You notice immediately that there isn’t a comfortable moment — no brief respite to catch your breath and enjoy the subway ride — during the Nebraska Repertory Theatre’s 57-minute performance of “Dutchman.”
The play, written in the midst of the tumultuous 1960s by LeRoi Jones, now known as Amiri Baraka, takes place on a New York City subway train. It stirs lustful passion that centers on an interracial hookup — a taboo subject that was illegal in some states at that time — and smacks the audience in the face time and time again with lethal doses of racism.
At first, there’s an awkward voyeuristic element to it all — at watching two strangers meeting and sharing instant intimacy as her body undulates and her hands explore his body — that you feel like you shouldn’t be watching. And yet, as uneasy as witnessing this encounter feels, our collective carnal instincts prevent us from looking away.
It then evolves to a worse kind of discomfort, when the conversation becomes more biting and the underlying racism bubbles to the surface with violent rage. The usage of the N-word should -- and does -- cause one to recoil, as does much of the dialogue in this play.
We’d like to believe that America has changed in the 50 years since this play was written. That’s naïve poppycock. The truth is, 50 years later, the subject matter of “Dutchman,” named after a slave ship that brought blacks to America, remains relevant in these racially and culturally divided times.
And that said, it’s a play that could be a conversation starter, a first step toward a mutual understanding between differing opinions — that is, if you can endure the discomfort.
“It’s supposed to make you uncomfortable,” says Eugene H. Russell IV, a professional actor from Atlanta who is making his Nebraska Rep debut as Clay, a passenger who is minding his own business when a sexy siren named Lula sets her sights on him.
There is nothing redeeming about Lula, a broken soul played fearlessly by Emily Raine Blythe, a third-year theater performance student at the University of Nebraska-Lincoln’s Johnny Carson School of Theatre and Film.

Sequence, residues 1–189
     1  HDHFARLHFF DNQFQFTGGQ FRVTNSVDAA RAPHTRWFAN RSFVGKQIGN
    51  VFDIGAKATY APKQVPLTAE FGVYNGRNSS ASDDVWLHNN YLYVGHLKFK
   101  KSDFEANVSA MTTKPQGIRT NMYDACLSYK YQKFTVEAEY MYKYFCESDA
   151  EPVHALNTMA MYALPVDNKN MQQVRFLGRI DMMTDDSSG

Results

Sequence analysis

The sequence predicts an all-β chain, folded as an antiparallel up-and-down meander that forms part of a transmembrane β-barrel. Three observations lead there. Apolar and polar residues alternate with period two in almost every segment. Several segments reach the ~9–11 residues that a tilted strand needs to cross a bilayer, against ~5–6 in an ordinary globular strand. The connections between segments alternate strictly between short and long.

“Obviously, she’s pretty vile,” said Blythe, a native of Austin, Texas. “There’s a lot to separating Emily from Lula. When I’m up here on the stage, I’m Lula. As soon as it’s done, I’m glad to be Emily again.”
With her flaming red hair, long legs and scanty attire, she’s looking for fun — and trouble. We know that from the first minute as she bends over to grab an apple from her bag, giving every male in the house — Clay included — an eyeful of her backside.
She then sits across from Clay, who is wearing a suit and a tie with his nose stuck in a book to that point, and seductively bites into the apple.
The significance of the apple — the forbidden fruit, literally the oldest story in the book — is blatant, especially when set in the midst of a time of segregation, violence and the assassinations of many, most notably in this case that of Dr. Martin Luther King Jr.
“Eating an apple is where it starts,” says Lula, just minutes after sashaying down the center aisle of the train and forcing her way onto the same bench seat as Clay. Her attempt at seduction is successful. He plays her game as she attempts to tell him — a total stranger — with blunt brutality who he is and what he represents.
Clay allows himself to be harshly judged by Lula because, well, the promise of sex often will cause a man to put up with -- and sacrifice -- just about anything, dignity included. However, Lula crosses the line by mocking his upbringing and what she calls his oppressed plantation mentality. She calls him the N-word and refers to him in a number of other degrading ways, including an Uncle Tom.
And as she does this, the rest of the passengers, visibly uncomfortable by the earlier public displays of affection between Clay and Lula, find it easy to side with the attractive white woman and laugh mockingly. The mob mentality quickly takes over.
Clay, outraged and humiliated, makes the decision to take no more as he attempts to regain his self-respect.
“Clay at the end has reached his limit with her telling him who he is,” Russell said. “The current relevance is that America has a history of, and still continues to have, from my experience, to try to tell black people who we are instead of allowing us to determine our stories for ourselves.
“There are preconceived notions, there are media narratives and false narratives that are passed on and recycled. Often, we’re not allowed the space to breathe and define and determine ourselves. That’s probably what resonates the most for me.”
In the end, you root for him to straighten his tie, reopen his book and forget he ever met the stunning -- and albeit broken --redhead. If only life featured do-overs. That said, the ending to this train ride, while not enjoyable, has to be experienced, absorbed -- and then discussed.